6 Easy Steps to Grow Arugula Microgreens
Soak Seeds (Recommended)
Soak Arugula Microgreens Seeds in cool water for 8-12 hours.
Prepare a Pot and Soil
Get a shallow growing tray - not more than 2 inches deep. Fill it with a seed starting potting mix. The soil level should be 1-2 inches.
Moisten the potting soil with water using a spray bottle. Gently sprinkle seeds evenly over the soil so they are close. Spray the surface of the soil and seeds with water again.
Place the tray in a spot away from direct sun exposure. Make sure the soil temperature is around 70°F. Avoid drafty spots. Moisten the soil with water using a spray bottle 3-4 times a day. Don't let the soil dry out, but also do not overwater it.
Once seeds start sprouting, make sure you are exposing the microgreens to at least 10 hours of daylight (use a grow light if there is not enough sun). Keep the soil moist.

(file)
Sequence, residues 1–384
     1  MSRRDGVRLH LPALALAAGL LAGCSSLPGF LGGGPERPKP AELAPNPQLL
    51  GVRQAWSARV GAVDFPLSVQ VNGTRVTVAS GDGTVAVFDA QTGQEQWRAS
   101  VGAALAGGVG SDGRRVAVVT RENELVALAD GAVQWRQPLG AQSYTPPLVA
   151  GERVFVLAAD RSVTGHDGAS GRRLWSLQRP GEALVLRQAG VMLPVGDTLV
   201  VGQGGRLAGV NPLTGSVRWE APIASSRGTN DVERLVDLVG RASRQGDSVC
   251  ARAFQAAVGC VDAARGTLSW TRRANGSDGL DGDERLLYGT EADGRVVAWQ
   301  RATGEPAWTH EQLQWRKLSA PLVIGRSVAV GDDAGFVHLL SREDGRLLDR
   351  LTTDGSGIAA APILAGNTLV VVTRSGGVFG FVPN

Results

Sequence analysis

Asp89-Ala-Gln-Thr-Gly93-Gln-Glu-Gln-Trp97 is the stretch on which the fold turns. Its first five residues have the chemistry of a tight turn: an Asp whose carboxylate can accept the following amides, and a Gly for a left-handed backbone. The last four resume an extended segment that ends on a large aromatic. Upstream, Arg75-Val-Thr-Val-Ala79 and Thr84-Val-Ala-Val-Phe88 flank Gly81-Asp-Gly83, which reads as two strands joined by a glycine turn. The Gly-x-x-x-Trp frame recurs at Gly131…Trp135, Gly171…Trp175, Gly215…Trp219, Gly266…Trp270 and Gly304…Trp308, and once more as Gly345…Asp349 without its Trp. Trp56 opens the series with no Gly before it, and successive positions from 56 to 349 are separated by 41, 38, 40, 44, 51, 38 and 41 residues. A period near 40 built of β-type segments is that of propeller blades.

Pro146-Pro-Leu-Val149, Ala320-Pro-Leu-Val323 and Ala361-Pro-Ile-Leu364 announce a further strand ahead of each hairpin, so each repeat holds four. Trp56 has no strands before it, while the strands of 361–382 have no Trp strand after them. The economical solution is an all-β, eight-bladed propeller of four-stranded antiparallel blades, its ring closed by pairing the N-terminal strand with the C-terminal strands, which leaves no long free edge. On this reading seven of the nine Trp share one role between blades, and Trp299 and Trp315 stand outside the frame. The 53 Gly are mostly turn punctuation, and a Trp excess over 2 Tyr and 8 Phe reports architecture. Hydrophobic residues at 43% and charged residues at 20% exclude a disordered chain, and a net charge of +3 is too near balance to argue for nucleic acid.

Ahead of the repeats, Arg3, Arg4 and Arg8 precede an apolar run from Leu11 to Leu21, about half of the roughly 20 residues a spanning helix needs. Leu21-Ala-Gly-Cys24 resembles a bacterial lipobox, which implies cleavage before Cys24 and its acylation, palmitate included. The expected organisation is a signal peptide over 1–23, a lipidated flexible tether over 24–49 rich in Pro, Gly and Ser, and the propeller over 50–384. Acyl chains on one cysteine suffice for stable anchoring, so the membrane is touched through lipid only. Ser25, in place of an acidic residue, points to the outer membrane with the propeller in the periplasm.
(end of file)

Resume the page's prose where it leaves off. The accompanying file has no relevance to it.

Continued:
In 5-12 days microgreens will be ready to harvest. When seedlings are 1 to 2 inches tall and have about two sets of leaves, snip and prep. However, you can grow them more or less by your preferences.
- One of the best arugula growing media is organic potting soil. It is necessary to prepare the soil well, evenly, and moistly before sowing the seeds. The alternative medium should contain the best nutrients for arugula microgreens.
- For the seeds to yield fruitfully, the correct amount of seeds must be evenly distributed over the growing surface.
- Provide the ideal temperature, moisture, and light for the arugula microgreens. After planting seeds, cover the growing tray for approximately 72 hours for optimal germination. The air temperature should be about 70 degrees F. Arugula loves sunlight; this is good for its growth, so after germination, open the tray and move it to a sunny location.
- You can harvest arugula microgreens from one to two weeks; it retains the most delicate taste. For optimal nutritiоn and flavor, harvest microgreens at the peak of their growth cycle.
- Arugula takes root quickly and produces hundreds of tiny root hairs. Please don't rush to mistake them for harmful mold! They are evenly distributed and clustered around the main root of your seedling.